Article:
Comprehensive curation and analysis of global interaction networks in Saccharomyces cerevisiae

Teresa Reguly, Ashton Breitkreutz, Lorrie Boucher, Bobby Joe Breitkreutz, Gary C. Hon, Chad L. Myers, Ainslie Parsons, Helena Friesen, Rose Oughtred, Amy Tong, Chris Stark, Yuen Ho, David Botstein, Brenda Andrews, Charles Boone, Olga G. Troyanskya, Trey Ideker, Kara Dolinski, Nizar N. Batada, Mike Tyers

Research output: Contribution to journalArticle

258 Scopus citations

Abstract

Background. The study of complex biological networks and prediction of gene function has been enabled by high-throughput (HTP) methods for detection of genetic and protein interactions. Sparse coverage in HTP datasets may, however, distort network properties and confound predictions. Although a vast number of well substantiated interactions are recorded in the scientific literature, these data have not yet been distilled into networks that enable system-level inference. Results. We describe here a comprehensive database of genetic and protein interactions, and associated experimental evidence, for the budding yeast Saccharomyces cerevisiae, as manually curated from over 31,793 abstracts and online publications. This literature-curated (LC) dataset contains 33,311 interactions, on the order of all extant HTP datasets combined. Surprisingly, HTP protein-interaction datasets currently achieve only around 14% coverage of the interactions in the literature. The LC network nevertheless shares attributes with HTP networks, including scale-free connectivity and correlations between interactions, abundance, localization, and expression. We find that essential genes or proteins are enriched for interactions with other essential genes or proteins, suggesting that the global network may be functionally unified. This interconnectivity is supported by a substantial overlap of protein and genetic interactions in the LC dataset. We show that the LC dataset considerably improves the predictive power of network-analysis approaches. The full LC dataset is available at the BioGRID (http://www.thebiogrid.org) and SGD (http://www.yeastgenome.org/) databases. Conclusion. Comprehensive datasets of biological interactions derived from the primary literature provide critical benchmarks for HTP methods, augment functional prediction, and reveal system-level attributes of biological networks.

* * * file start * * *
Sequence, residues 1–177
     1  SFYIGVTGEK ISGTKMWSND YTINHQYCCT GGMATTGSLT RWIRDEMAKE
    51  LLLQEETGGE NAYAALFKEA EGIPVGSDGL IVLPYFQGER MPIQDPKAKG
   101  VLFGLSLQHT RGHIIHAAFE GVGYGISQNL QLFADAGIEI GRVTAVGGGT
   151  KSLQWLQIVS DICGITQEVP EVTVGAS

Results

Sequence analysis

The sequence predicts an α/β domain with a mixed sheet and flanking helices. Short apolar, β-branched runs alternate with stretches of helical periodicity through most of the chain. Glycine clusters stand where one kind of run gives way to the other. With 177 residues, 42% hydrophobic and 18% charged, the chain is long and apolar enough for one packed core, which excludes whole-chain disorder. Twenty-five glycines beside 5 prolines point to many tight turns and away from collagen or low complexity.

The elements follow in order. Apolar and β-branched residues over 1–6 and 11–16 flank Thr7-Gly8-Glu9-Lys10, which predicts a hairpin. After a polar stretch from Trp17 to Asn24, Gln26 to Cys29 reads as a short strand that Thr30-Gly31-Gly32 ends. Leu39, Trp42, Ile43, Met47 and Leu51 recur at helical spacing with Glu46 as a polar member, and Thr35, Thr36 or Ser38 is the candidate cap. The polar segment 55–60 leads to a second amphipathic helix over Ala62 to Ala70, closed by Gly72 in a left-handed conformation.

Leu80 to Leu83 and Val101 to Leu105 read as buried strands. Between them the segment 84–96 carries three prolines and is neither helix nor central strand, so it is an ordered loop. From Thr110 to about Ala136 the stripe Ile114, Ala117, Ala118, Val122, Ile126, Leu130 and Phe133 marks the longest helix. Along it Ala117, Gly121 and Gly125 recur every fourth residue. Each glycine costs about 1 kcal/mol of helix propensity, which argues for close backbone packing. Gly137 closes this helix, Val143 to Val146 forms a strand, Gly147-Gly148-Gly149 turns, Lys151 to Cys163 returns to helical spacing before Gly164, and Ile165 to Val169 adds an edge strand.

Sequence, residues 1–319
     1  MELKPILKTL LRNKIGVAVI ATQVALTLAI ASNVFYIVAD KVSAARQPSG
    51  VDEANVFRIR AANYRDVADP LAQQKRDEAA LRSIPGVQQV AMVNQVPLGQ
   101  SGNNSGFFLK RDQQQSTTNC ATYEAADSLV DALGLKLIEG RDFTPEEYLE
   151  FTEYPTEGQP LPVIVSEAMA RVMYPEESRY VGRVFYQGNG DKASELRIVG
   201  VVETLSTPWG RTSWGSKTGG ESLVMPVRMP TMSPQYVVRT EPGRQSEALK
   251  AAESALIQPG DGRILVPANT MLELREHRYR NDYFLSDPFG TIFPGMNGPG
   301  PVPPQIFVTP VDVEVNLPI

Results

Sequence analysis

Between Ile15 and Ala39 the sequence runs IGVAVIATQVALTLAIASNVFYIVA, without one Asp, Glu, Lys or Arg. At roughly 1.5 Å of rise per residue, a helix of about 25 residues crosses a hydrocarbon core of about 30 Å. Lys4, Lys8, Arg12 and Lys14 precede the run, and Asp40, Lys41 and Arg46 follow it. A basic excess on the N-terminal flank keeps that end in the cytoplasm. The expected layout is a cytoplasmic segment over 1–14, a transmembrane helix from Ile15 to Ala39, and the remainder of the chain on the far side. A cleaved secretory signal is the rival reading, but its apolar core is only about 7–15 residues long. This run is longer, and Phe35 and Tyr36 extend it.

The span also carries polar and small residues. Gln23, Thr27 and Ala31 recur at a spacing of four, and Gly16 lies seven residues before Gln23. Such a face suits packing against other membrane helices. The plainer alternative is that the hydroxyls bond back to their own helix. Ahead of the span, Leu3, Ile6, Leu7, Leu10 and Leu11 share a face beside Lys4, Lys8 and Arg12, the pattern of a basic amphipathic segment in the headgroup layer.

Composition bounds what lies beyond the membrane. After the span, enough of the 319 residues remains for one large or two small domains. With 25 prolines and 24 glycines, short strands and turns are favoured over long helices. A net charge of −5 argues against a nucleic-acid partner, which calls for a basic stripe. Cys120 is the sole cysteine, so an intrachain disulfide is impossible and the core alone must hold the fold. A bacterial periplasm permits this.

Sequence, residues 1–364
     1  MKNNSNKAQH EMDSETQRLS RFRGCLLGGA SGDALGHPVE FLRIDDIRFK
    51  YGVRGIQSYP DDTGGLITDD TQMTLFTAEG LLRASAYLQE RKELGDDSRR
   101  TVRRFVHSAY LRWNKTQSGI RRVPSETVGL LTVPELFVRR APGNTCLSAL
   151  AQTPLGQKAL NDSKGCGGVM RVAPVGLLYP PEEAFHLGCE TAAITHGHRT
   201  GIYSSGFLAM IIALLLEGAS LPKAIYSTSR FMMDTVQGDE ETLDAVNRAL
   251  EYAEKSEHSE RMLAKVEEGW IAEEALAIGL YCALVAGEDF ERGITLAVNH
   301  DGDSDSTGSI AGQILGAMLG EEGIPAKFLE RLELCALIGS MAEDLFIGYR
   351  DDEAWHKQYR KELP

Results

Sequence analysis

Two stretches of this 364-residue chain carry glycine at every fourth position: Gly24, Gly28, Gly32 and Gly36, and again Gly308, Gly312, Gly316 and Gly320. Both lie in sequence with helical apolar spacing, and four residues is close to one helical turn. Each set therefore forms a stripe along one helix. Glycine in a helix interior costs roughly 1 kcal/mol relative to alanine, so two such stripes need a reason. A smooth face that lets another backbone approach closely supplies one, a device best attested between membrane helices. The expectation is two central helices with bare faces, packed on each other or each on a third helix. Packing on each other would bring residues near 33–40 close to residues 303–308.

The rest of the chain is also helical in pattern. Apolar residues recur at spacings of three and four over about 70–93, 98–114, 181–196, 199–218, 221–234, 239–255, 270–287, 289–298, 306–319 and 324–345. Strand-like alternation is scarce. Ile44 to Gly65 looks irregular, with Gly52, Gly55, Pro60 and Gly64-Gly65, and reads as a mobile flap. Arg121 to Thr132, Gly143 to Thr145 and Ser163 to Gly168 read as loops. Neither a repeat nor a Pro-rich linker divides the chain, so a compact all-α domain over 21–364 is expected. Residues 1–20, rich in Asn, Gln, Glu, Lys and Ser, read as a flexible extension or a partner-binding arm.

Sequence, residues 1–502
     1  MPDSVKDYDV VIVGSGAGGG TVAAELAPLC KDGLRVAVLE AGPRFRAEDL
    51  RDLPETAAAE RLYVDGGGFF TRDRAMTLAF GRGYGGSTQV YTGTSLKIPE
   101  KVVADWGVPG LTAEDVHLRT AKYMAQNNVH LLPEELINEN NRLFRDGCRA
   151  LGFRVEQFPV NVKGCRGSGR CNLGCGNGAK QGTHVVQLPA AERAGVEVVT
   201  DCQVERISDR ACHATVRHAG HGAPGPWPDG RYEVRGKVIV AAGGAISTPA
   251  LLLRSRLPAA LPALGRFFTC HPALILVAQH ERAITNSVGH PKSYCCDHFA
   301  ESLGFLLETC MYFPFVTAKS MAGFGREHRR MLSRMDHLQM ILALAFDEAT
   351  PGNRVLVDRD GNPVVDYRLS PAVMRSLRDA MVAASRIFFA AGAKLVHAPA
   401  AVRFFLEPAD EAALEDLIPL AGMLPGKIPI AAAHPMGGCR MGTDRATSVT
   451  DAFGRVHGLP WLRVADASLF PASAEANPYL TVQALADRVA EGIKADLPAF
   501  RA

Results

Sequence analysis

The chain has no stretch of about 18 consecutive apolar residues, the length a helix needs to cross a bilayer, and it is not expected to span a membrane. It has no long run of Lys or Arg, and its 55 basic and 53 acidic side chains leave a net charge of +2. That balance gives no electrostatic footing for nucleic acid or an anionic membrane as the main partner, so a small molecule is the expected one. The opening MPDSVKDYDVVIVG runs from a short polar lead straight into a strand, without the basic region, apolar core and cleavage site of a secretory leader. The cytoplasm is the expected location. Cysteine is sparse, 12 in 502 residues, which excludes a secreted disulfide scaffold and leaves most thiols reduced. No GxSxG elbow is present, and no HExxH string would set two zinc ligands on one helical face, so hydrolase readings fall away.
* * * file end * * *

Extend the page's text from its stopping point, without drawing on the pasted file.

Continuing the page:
Original languageEnglish (US)
Article number11
JournalJournal of Biology
Volume5
DOIs
StatePublished - Dec 1 2006

ASJC Scopus subject areas

  • Biochemistry, Genetics and Molecular Biology(all)
  • Agricultural and Biological Sciences(all)

Fingerprint Dive into the research topics of 'Comprehensive curation and analysis of global interaction networks in Saccharomyces cerevisiae'. Together they form a unique fingerprint.

  • Cite this

    Reguly, T., Breitkreutz, A., Boucher, L., Breitkreutz, B. J., Hon, G. C., Myers, C. L., Parsons, A., Friesen, H., Oughtred, R., Tong, A., Stark, C., Ho, Y., Botstein, D., Andrews, B., Boone, C., Troyanskya, O. G., Ideker, T., Dolinski, K., Batada, N. N., & Tyers, M. (2006). Comprehensive curation and analysis of global interaction networks in Saccharomyces cerevisiae. Journal of Biology, 5, [11]. https://doi.org/10.1186/jbiol36